A familiar set up used by many of HTC’s smartphones, the Nexus 9 is outfitted with two front-firing speakers with HTC BoomSound – so it’s safe to presume that it’ll carry on HTC’s reputation of offering quality sound. Although it’s tough to make out, especially when it blends in with the black color of the screen’s bezel, there’s actually an LED light placed in the middle-bottom area of the tablet.

Being a budget-conscious tablet has its perks, like in being easy on the pockets, but at the same time, it doesn’t have the same high flying set of arsenal that accompanies some of its rivals. In particular, it doesn’t have a water-resistant construction, there’s no expandable storage, and you can’t use it as a universal remote to change the channel on your TV. Just saying!


Details are nice, but it’s pretty amazing that it’s almost spot-on with its color reproduction. All the qualities are impressive!The Nexus 9 features 8.9-inch 1536 x 2048 IPS LCD display. Visually, its size and resolution gives it a respectable pixel density count of 288 ppi, which is an effective thing to make out miniscule text in the web browser without much squinting. That’s certainly isn’t as striking as the Samsung Galaxy Tab S 8.4’s display per se, with its class-leading tally of 359 ppi, but it’s nonetheless pleasant for everyday things.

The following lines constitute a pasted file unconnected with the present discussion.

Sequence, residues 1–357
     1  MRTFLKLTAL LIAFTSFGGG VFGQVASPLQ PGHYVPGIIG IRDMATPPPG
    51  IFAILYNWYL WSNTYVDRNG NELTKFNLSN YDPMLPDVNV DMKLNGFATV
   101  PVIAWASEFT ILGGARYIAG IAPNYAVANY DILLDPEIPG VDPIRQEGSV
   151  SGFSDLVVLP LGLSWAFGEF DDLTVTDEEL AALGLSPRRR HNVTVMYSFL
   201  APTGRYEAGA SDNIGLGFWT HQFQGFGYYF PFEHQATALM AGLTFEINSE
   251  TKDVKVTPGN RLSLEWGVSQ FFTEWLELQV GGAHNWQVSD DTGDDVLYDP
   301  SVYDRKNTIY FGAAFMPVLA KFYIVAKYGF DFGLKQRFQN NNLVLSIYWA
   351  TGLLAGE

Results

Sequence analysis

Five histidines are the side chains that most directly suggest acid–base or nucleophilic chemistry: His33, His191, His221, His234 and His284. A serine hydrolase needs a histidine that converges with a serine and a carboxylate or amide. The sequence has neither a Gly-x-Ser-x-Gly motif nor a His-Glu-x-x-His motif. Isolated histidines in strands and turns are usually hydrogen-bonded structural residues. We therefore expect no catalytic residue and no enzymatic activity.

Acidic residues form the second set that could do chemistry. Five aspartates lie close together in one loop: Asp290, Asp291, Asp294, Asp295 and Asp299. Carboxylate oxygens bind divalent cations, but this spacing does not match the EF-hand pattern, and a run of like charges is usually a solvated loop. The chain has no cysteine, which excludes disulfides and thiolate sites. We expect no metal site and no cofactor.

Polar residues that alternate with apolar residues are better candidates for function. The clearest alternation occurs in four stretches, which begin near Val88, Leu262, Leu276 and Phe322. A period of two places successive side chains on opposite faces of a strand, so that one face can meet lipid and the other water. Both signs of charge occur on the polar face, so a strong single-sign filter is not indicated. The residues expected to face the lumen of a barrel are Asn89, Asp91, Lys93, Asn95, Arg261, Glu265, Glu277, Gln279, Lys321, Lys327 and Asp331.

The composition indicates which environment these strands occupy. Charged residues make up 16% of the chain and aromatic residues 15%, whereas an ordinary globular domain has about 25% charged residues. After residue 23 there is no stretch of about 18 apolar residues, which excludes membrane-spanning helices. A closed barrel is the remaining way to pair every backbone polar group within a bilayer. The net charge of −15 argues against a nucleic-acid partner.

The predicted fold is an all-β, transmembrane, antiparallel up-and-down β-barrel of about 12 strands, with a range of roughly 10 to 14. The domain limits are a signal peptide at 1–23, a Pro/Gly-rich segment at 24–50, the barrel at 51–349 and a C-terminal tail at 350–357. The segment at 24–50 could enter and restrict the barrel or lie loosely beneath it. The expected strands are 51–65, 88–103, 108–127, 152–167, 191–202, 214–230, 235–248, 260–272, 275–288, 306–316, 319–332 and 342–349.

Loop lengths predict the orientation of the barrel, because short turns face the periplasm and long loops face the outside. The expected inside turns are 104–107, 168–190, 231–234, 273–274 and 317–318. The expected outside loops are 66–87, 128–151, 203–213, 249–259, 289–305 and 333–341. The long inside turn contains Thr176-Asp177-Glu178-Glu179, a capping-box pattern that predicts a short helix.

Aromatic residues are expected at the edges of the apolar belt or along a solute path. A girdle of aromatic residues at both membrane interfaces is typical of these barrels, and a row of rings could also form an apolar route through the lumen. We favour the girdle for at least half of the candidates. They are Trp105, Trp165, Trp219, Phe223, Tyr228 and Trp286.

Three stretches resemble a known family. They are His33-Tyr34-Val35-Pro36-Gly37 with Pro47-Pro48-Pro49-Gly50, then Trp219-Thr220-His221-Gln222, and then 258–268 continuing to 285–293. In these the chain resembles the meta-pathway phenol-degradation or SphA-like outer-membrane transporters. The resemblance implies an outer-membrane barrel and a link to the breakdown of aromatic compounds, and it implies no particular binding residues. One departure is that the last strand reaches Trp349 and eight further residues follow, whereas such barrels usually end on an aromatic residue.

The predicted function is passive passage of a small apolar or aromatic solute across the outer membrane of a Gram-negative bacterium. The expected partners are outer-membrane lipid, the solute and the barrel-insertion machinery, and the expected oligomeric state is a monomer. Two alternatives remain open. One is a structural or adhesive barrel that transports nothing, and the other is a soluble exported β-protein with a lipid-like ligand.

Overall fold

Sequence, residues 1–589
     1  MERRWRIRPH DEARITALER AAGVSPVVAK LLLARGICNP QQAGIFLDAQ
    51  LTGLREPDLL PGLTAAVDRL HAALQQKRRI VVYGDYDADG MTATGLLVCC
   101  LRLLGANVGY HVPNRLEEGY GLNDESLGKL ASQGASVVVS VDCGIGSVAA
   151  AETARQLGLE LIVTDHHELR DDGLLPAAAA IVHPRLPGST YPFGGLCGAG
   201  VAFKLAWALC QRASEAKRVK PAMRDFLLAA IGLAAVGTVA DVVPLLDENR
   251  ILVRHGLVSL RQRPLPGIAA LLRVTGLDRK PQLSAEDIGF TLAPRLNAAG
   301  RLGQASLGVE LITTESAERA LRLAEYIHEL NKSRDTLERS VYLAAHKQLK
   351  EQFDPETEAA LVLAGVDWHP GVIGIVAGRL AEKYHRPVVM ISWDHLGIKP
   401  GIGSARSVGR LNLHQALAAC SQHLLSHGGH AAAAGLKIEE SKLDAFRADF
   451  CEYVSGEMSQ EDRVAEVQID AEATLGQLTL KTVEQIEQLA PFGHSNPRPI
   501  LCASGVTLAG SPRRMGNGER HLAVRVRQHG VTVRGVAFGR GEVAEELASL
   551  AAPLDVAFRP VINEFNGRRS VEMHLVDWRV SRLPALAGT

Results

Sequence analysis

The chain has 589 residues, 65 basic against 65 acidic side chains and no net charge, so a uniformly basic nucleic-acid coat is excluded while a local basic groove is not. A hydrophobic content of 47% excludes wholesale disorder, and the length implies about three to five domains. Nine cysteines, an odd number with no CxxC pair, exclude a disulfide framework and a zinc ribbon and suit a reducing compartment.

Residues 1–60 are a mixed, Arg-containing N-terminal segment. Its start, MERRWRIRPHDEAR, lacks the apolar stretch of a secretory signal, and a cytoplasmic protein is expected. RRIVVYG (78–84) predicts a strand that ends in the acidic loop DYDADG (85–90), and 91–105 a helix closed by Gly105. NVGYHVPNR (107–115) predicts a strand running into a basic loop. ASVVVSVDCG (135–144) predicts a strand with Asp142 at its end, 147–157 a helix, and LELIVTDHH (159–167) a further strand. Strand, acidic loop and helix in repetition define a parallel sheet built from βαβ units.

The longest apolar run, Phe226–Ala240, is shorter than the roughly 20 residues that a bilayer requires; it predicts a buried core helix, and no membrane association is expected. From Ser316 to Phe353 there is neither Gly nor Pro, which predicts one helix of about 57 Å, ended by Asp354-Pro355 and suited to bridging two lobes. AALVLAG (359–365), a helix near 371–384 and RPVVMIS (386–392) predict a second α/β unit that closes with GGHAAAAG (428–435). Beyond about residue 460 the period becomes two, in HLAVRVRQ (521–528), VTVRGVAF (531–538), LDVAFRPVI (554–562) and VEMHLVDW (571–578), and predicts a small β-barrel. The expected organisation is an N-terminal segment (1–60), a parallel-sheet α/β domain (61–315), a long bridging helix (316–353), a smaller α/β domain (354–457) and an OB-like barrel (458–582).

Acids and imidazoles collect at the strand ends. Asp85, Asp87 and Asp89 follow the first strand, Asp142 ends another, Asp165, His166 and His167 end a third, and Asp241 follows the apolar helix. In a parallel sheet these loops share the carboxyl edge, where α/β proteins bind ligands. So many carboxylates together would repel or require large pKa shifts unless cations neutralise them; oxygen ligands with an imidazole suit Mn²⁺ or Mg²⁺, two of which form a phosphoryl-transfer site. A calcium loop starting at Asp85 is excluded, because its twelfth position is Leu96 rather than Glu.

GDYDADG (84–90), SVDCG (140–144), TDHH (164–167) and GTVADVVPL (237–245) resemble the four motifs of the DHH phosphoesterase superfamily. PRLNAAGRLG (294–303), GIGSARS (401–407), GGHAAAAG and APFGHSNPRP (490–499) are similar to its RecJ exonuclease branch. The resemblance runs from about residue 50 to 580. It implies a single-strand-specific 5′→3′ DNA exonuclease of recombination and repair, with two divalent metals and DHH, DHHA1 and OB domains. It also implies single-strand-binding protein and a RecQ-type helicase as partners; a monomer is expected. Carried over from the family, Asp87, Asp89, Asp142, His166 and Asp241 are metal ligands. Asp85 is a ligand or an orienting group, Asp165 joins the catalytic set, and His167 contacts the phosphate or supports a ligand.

What’s most surprising, however, is how the screen bears so many high-quality characteristics. Case in point, its potent brightness of 453 nits, excellent 2.17 gamma, great 6942 K color temperature, and its ability to accurately reproduce colors. With the latter, it impressively hits all of the target marks for each color gradient – easily besting its contemporaries in the iPad Air 2 and Galaxy Tab S 8.4! At the same time, it’s still easy to view outdoors with the sun out.

Benchmarks aside, the screen looks good! From its great detail, to its visibility, and its precise color reproduction, the screen of the Nexus 9 might appear ordinary from a cursory look, but beyond that, it packs all of the rich essentials in giving it some strong visual qualities that we appreciate.